Scott Sommers’ Taiwan Blog

Faculty Positions at US Universities

Posted in Uncategorized by Scott Sommers on March 10, 2009

Just a follow-up to the discussion on this post about the future of foreign English teachers in Asia. In the comments portion of the post, I discuss the hiring situation in Western universities with Patrick Cowsill. Related to this is an article in today’s New York Times entitled Doctoral Candidates Anticipate Hard Times.

The article is about how the current economic crises is making it even harder for recent doctoral program graduates to get the kind of jobs they want.

Many in the humanities fear that their fields are going to suffer most. Humanities professors are already among the lowest-paid faculty members, according to the Humanities Indicators Prototype, a new, decade-long effort to establish a database of information led by the American Academy of Arts and Sciences…William Pannapacker, an associate professor of English at Hope College in Holland, Mich., who writes a column for The Chronicle of Higher Education under the name Thomas Benton, has frequently tried to dissuade undergraduates from pursuing a graduate degree in the humanities. He is convinced that the recession will push universities to trim the number of tenure-track jobs further.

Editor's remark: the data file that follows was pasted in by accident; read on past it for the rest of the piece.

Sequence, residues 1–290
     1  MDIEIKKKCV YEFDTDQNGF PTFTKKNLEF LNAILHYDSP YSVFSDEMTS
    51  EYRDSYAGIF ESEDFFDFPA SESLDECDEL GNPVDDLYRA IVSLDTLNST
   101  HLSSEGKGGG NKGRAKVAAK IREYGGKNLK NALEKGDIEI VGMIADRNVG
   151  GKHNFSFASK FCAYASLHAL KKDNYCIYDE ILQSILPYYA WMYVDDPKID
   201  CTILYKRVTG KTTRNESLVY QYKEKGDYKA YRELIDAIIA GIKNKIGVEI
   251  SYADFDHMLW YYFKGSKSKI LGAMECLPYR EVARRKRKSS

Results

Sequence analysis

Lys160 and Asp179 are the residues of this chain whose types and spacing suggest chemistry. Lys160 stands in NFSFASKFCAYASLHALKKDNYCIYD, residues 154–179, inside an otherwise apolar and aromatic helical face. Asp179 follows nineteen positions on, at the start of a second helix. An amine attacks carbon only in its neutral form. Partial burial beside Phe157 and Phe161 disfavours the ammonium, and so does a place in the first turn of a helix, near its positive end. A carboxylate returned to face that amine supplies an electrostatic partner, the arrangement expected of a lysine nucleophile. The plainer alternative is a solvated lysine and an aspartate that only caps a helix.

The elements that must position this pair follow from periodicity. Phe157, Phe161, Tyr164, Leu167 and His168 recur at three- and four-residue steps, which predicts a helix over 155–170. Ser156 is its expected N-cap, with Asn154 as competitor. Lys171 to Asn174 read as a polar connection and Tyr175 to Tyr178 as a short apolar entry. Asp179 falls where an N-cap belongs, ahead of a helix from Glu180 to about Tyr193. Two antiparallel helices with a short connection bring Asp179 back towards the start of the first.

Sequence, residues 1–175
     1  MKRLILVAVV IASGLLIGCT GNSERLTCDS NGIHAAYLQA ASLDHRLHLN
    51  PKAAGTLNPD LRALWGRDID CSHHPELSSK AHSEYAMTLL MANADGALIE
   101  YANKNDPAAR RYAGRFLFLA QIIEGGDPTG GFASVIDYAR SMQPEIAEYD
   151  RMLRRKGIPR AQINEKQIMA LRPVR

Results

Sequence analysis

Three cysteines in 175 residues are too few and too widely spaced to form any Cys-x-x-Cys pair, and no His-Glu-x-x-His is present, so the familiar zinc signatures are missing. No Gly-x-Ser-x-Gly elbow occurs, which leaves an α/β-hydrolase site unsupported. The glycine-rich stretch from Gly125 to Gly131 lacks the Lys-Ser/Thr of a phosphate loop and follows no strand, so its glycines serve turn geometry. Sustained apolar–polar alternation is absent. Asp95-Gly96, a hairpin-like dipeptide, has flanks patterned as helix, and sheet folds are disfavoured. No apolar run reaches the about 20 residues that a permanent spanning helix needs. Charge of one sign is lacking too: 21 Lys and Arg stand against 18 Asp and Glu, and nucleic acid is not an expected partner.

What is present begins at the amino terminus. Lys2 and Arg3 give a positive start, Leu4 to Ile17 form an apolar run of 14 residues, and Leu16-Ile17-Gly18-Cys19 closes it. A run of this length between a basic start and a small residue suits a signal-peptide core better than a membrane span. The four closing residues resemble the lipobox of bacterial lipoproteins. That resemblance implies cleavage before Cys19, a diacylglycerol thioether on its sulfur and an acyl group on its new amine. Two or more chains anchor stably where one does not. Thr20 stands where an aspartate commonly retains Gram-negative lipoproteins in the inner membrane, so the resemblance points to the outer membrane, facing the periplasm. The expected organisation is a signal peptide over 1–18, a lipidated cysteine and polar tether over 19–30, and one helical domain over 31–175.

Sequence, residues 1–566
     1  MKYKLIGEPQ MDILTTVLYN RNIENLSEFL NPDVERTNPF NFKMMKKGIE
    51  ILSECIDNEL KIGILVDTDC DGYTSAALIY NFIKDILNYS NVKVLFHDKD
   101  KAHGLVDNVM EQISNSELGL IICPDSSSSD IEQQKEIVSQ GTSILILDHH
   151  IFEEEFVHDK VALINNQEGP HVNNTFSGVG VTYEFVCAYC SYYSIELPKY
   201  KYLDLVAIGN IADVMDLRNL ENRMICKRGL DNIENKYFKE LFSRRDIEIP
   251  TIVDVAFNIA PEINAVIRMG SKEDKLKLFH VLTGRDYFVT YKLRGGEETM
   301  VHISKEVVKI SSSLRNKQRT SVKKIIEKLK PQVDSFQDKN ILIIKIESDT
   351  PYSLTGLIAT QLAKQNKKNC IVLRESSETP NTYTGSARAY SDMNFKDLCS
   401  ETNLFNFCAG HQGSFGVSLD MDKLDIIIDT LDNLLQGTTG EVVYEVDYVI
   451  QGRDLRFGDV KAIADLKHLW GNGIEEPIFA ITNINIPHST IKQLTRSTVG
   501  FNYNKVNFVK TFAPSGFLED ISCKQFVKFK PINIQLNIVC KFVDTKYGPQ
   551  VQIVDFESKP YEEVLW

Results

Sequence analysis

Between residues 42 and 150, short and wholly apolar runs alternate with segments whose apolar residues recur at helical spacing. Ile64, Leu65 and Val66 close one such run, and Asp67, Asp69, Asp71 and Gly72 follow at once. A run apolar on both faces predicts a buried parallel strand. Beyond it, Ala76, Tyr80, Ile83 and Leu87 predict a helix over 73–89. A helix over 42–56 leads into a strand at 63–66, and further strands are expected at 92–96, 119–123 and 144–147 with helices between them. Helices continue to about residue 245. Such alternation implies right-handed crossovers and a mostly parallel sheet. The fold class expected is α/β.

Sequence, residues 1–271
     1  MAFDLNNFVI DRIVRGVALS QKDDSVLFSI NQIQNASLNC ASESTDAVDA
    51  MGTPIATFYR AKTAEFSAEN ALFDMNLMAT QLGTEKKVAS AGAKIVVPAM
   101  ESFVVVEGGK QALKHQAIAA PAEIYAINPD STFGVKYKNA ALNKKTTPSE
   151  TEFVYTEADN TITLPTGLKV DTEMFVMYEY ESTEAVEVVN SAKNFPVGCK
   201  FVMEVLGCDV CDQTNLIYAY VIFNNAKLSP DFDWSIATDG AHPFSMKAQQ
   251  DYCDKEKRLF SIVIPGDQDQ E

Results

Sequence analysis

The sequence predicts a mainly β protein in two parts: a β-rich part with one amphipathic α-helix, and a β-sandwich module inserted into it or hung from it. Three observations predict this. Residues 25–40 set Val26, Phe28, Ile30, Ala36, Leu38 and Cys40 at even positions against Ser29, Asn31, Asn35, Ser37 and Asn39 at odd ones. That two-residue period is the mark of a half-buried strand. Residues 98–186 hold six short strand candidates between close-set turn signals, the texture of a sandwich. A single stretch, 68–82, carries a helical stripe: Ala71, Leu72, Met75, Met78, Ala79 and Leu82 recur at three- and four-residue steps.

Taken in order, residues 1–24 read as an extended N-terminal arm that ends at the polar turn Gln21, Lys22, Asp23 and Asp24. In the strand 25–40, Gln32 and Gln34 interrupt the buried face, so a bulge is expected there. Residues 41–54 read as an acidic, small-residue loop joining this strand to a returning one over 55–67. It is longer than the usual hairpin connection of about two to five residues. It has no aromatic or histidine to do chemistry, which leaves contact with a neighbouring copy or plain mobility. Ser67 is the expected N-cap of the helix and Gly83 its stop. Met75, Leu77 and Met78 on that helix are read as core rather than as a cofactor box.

Although, as the article points out, the situation for many in the Humanities has never been that good.

Humanities professors are already among the lowest-paid faculty members, according to the Humanities Indicators Prototype, a new, decade-long effort to establish a database of information led by the American Academy of Arts and Sciences. What’s more, nearly half of all the positions are part time — with no job security and no benefits — a situation that many educators expect to worsen.

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2 Responses

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  1. fvarga said, on March 21, 2009 at 5:54 am

    Seems you made it 😉
    Welcome to the Worpress world
    😉

  2. […] Alred stated that he had planed to teach at the university-level in the United States. As I have mentioned before, this is not an altogether realistic goal anymore – if it ever was. I think it’s naive […]


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